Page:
hanlans point beach

Toronto's wildest island beach was dangerously crowded this weekend

Concerns about the imminence of a second wave continue to swirl in Toronto this week as COVID-19 restrictions lift and young people either misunderstand or blatantly disregard orders to practice social distancing.

As is often the case on sunny, sweaty-hot weekends in the summer, Hanlan's Point Beach was packed with party people on Saturday.

Photo and video footage from the popular, clothing-optional beach on the Toronto Islands shows hundreds, if not thousands of people hanging out in close proximity along the roughly one-kilometre-long stretch of sand.

Scorching temperatures drove many beachgoers into the water as well, where dozens of boats, jet skis and giant floaties hosted even more bodies.

Few masks were observed among the masses, which irked some observers — though it's important to note that facial coverings are only required indoors under the City of Toronto's mandatory face mask bylaw.

Indoors or outdoors, however, all people are required to maintain a distance of two metres between themselves and anyone who doesn't live with them or appear in their 10-person social circle.

Under Stage 3 of the provincial government's economic reopening plan, gatherings of up to 100 people are permitted outdoors, but the crowds observed at Hanlan's on Saturday appeared to exceed this number.

Furthermore, Toronto isn't in Stage 3 yet. Under current regulations, no gathering is allowed to exceed 10 people.

Like Trinity Bellwoods Park, Cherry Beach and several King West bars before it, Hanlan's has become the target of intense scrutiny among people who seem to hate millennials.

We do know that cases of COVID-19 have been rising among Ontario residents between the ages of 20 and 39 over the past few weeks.

"I must urge all Canadians, particularly younger adults, to not give in to COVID-19 fatigue," said Canada's chief public health officer Dr. Theresa Tam of the phenomenon late last week. "Younger age groups are not invincible against COVID-19."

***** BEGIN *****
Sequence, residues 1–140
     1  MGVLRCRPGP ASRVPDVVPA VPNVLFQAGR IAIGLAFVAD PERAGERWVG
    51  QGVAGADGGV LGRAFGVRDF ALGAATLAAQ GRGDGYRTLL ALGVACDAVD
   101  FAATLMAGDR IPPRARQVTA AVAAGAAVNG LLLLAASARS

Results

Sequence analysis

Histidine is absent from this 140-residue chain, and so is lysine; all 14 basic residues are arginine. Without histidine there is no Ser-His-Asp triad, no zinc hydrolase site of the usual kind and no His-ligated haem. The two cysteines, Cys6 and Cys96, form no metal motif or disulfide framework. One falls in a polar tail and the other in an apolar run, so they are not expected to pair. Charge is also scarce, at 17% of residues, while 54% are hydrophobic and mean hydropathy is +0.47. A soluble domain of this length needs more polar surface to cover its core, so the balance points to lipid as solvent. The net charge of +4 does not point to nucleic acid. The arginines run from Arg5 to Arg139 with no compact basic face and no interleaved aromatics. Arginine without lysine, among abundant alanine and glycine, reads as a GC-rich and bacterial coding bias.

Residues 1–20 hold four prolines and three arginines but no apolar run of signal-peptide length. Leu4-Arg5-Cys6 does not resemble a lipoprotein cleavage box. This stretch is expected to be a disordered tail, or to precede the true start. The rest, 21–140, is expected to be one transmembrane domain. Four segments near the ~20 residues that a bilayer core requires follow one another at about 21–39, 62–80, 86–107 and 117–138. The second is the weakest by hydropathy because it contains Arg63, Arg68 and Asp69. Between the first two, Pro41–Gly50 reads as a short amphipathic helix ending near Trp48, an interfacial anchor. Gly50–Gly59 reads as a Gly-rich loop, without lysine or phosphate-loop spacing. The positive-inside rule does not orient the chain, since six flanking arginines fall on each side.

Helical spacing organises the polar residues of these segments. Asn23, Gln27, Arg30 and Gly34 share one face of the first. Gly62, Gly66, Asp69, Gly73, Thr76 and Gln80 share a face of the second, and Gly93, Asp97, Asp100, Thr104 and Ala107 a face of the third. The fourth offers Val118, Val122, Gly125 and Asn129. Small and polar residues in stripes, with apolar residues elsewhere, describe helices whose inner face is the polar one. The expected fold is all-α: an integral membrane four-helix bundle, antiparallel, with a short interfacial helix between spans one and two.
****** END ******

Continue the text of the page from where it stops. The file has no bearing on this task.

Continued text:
Premier Doug Ford warned similarly last week that young people need to better heed the advice of public health officials (not to mention actual emergency orders) and stop partying.

The City of Toronto itself has taken steps to crack down on the massive beach gatherings and park parties that have been springing up since summer weather settled in.

In addition to sending out officers to warn offenders, city officials are now restricting parking at local beaches on weekends to help prevent crowding and slow or stop the spread of COVID-19.

There doesn't appear to be much social distancing enforcement on the Islands just yet, however, as some who were at or passed Hanlan's Point Beach on Saturday pointed out.

The Islands don't exactly have public parking lots to block off, as the only way over (for those who don't live there) is by taking the public ferry or a private taxi service.

The recently-relaunched ferry is only running at half capacity, though water taxis seem busier than ever, shuttling people back and forth across Lake Ontario.

We've yet to see any COVID-19 spikes related to young people partying at Hanlan's Point Beach, but Toronto Police say a man did tragically drown in the area on Saturday night.

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